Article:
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Local News

  • New laws go into effect next week

    Twenty-two new laws being are being implemented as of this month, including a bill regarding more than $5 billion in road repair projects.

    The laws, which go into effect on Tuesday, were approved during the Kentucky General Assembly’s 2014 regular session, which adjourned on April 15.  While some went into effect immediately, like a bill preventing the sale of electronic cigarettes to minors, other bills had up to 90 days to take effect.

  • Outlet mall gives sneak peek, adds new stores

    With three weeks until opening day for The Outlet Shoppes of the Bluegrass, construction workers on the property are hard at work.

    The 365,000-square-foot retail center located just south of Interstate 64 in Simpsonville is scheduled to open on July 31.

    Despite the fact that many stores look empty, Gina Slechta, Vice President of Marketing for Horizon Group Properties, assures that the nearly all the stores will be ready to open on time.

    “I have watched stores literally transform in a 24-hour-period,” she said.

  • County hires new solid waste director

    Shelby County has a new solid waste director, a transplant from New Mexico who has been living in Shelby County for 12 years.

    Rick Solomon, who retired from a 20-year career as an environmental engineer at a New Mexico oil company, headed east after retirement, “Because I wanted to get away from the desert.”

    Since his finance was working as a state employee for the state of Kentucky, a move to Shelbyville seemed logical, he said.

    He also went back to work, again as an environmental supervisor, for the state of Kentucky.

  • Construction underway on new solid waste facility

    Construction on the county’s new solid waste facility began Thursday and officials say the center should open in four months.

    Newly hired Solid Waste Director Rick Solomon said construction, originally scheduled for an August/September completion date, was delayed because of weather.

  • ‘I gave him life twice’

    After learning that her grown son had a rare-incurable illness that would destroy both his kidneys, Judith Nigh did not hesitate – her decision to give him one of her kidneys was the most natural thing in the world, she said.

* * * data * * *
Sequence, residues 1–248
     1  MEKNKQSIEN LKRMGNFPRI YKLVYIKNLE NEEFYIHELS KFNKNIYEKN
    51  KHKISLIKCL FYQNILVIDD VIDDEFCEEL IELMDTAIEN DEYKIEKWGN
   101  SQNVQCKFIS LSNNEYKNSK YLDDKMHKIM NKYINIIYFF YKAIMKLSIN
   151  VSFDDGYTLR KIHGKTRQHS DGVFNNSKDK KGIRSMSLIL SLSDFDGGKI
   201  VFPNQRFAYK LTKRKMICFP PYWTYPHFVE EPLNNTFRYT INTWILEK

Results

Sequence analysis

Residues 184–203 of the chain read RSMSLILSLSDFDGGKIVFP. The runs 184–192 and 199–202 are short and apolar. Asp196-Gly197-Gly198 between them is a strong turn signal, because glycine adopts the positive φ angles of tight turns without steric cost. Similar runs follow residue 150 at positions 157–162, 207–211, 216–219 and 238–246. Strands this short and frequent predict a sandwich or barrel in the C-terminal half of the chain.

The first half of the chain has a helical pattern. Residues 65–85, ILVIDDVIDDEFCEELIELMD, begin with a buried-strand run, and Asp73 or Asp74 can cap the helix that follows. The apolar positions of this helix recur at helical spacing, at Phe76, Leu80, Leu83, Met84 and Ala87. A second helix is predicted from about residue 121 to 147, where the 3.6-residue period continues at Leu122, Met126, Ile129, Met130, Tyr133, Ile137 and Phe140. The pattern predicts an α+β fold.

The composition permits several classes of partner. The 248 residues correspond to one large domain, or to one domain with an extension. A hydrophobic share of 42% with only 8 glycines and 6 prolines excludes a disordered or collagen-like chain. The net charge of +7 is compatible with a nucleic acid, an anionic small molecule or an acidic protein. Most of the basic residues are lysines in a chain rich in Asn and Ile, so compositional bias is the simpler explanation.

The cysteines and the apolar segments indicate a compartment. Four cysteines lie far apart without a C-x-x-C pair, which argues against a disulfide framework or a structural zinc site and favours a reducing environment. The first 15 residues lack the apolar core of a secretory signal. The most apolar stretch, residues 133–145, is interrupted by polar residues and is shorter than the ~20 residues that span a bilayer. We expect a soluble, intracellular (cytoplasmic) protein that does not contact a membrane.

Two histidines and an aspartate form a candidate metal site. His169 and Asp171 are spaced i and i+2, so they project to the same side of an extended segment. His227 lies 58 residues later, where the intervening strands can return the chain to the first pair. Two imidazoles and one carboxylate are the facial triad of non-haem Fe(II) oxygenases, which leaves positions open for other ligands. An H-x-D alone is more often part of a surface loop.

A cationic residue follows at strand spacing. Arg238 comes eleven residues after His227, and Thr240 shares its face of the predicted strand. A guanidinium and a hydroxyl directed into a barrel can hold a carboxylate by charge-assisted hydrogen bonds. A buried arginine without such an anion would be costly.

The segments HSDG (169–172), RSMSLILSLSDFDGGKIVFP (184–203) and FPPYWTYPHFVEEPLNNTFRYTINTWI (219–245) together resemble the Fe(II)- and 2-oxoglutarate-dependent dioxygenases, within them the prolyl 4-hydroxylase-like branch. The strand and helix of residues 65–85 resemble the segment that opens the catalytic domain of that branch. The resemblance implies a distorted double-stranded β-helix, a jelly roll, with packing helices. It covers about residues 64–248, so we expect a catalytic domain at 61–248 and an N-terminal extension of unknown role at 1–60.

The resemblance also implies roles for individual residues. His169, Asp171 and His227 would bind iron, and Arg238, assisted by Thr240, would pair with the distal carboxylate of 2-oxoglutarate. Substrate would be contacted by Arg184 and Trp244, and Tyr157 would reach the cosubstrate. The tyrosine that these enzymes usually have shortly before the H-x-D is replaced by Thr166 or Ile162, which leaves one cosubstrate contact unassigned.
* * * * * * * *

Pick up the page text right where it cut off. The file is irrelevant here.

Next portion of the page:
“It was an honor and a blessing that God made it possible for me to do this for him,” she said.

  • NEWS DIGEST: July 9, 2014

    Heiner funnels millions

    into his campaign

    Republican Hal Heiner gave his gubernatorial campaign a seven-figure boost, reporting loans totaling $4 million in his second-quarter finance report Monday.

  • School Board expected to vote on redistricting

    After having two weeks to look over the proposed redistricting maps, the Shelby County Board of Education Thursday is expected to have reached a decision on whether or not they want to accept one as their new voting boundaries.

  • Trash franchise left at the curb

    While many of Shelbyville citizens are impatiently awaiting the bids from the garbage Requests For Proposals (RFP), Mayor Tom Hardesty says he and the garbage committee are not in a rush.

    “We just want to do it right. There’s a lot riding on this franchise. It’s going to be new to everyone,” he said.

    City Attorney Steve Gregory reiterated that the committee wants to take their time in order to perfect the specifications.

  • Distilleries officially have a new home

    The Shelbyville City Council finished with its amendments and approval of changes to the zoning text amendment, which will allow distilleries on 25-acre properties zoned Agricultural within the city limits.

    Thursday, council members approved a second reading of amendments to ordinance relating to non-domestic animals, including an addition of a line to include that any preexisting fences in place on agricultural property prior to the rezoning of adjacent property would be exempt from the 100-foot setback requirement.

  • I-64 accident has 1 lane closed just before eastbound Exit 32

    A semi truck and trailer overturned this afternoon on Interstate 64 eastbound about a half of a mile before Exit 32.

    No one was injured in the accident.

    The truck flipped over into the right lane, which has been closed. While the left lane remains open, traffic through the construction zone is backed up and moving slowly for more than 5 miles.

    Authorities on the scene said they were not sure how long it would take to clear the road.